When you browse your credit card statement and see an odd purchase amount or company name you can’t place, it’s possible that best-case scenario, you just forgot what you bought, or worst-case, your card number was stolen. Often, mysterious card charges are recurring payments (such as subscriptions) you forgot about, valid (but still surprising) fees, or lines that appear under merchant names that don’t match the businesses you made purchases from, like a parent company or payment processor. For example, TST* probably refers to Toast, the point-of-sale system used by many restaurants. Less often, but more seriously, the charge is a mistake or straight-up fraud. Here’s how to figure it out and what to do about unauthorized charges.
Use WhatsThatCharge to decipher mysterious credit card charges
First things first, you should probably check your credit card and bank statements every so often to catch unfamiliar charges. If you see something you don’t recognize, obviously start by thinking back to what you were doing on the day or two around when the purchase was made, as it’s possible you simply forgot you bought coffee or ordered something online.
Other places to check are further back into your statement history for similar charges that may indicate recurring subscription payments (APL*ITUNES.COM/BILL, for example) or fees, as well as with anyone else authorized to use your account, whether a joint user or a member of a family plan that’s linked to your card.
If that doesn’t get you anywhere, copy the full line item into Google to see if anyone else has investigated the charge and identified the business or payment processing service. WhatsThatCharge.com is a crowd-sourced database of credit card charges where you might find more info. From there, the next step is to call your card issuer to clarify the charge. They may be able to look up the merchant on their end.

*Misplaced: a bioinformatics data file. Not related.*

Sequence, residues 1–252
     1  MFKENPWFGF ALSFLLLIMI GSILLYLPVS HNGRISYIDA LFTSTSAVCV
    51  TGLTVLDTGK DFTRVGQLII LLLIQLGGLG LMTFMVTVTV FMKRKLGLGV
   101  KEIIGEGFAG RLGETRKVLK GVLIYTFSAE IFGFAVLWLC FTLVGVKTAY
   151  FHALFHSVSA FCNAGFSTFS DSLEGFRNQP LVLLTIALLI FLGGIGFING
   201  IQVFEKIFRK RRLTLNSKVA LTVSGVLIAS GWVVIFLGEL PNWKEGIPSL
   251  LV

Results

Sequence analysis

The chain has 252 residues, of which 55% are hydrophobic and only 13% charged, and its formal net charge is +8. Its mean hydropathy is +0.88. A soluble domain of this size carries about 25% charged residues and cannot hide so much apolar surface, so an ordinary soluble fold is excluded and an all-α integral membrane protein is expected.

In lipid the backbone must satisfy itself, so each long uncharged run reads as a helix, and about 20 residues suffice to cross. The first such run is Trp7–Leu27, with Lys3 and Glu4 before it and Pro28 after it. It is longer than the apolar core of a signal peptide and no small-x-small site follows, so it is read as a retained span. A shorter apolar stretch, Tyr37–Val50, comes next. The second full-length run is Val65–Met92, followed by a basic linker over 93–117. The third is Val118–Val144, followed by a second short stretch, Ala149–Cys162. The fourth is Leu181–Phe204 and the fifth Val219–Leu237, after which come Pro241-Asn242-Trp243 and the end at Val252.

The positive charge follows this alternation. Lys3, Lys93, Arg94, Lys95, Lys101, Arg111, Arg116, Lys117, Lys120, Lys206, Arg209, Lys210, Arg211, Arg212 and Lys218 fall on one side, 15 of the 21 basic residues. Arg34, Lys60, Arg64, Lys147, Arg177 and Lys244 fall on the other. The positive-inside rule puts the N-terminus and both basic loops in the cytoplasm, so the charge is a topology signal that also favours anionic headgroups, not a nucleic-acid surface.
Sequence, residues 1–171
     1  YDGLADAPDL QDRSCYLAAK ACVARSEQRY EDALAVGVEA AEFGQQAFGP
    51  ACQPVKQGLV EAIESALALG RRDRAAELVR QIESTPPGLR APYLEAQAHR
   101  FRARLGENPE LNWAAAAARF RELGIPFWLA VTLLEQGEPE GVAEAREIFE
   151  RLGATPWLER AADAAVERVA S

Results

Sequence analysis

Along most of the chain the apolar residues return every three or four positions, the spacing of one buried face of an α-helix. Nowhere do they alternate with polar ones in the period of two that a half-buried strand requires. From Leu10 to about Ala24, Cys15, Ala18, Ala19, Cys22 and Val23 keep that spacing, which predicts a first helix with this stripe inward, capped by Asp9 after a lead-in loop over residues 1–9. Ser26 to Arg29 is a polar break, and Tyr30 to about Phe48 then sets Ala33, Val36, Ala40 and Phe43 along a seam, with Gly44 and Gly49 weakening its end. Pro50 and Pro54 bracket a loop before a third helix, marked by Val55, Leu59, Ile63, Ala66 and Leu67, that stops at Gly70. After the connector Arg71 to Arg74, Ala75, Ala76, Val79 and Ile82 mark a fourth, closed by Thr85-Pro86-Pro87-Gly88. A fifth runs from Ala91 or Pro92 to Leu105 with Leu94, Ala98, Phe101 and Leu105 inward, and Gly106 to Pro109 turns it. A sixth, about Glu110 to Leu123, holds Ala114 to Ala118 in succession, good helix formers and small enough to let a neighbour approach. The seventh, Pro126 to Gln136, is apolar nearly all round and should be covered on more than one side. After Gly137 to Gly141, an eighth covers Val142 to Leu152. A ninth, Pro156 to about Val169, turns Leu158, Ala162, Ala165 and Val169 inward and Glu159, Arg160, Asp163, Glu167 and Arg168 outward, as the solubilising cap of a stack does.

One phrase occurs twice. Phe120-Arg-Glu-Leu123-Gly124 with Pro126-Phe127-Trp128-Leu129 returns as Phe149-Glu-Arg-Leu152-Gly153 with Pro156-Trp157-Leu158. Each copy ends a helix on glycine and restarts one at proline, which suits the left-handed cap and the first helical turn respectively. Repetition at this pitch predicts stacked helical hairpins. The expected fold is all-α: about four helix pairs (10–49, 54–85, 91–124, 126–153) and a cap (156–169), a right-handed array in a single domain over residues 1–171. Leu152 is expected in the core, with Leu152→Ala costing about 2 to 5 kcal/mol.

How to file a credit card fraud claim
If, after investigating, you believe the charge on your card is fraudulent, you should start the claims process with your card issuer. You can usually do this over the phone by calling the number on the back of your card or through your online account.
Your card issuer will cancel your existing credit card and send you a new one. You aren’t responsible for more than $50 of fraudulent purchases—and none of what’s charged after you report it—and some credit cards have additional liability protection in instances of fraud.
Note that this is different from a dispute, which allows you to rectify a billing error like being overcharged or charged more than once for the same purchase. Disputes generally have to be filed within 60 days of the charge being made.
Read the full article here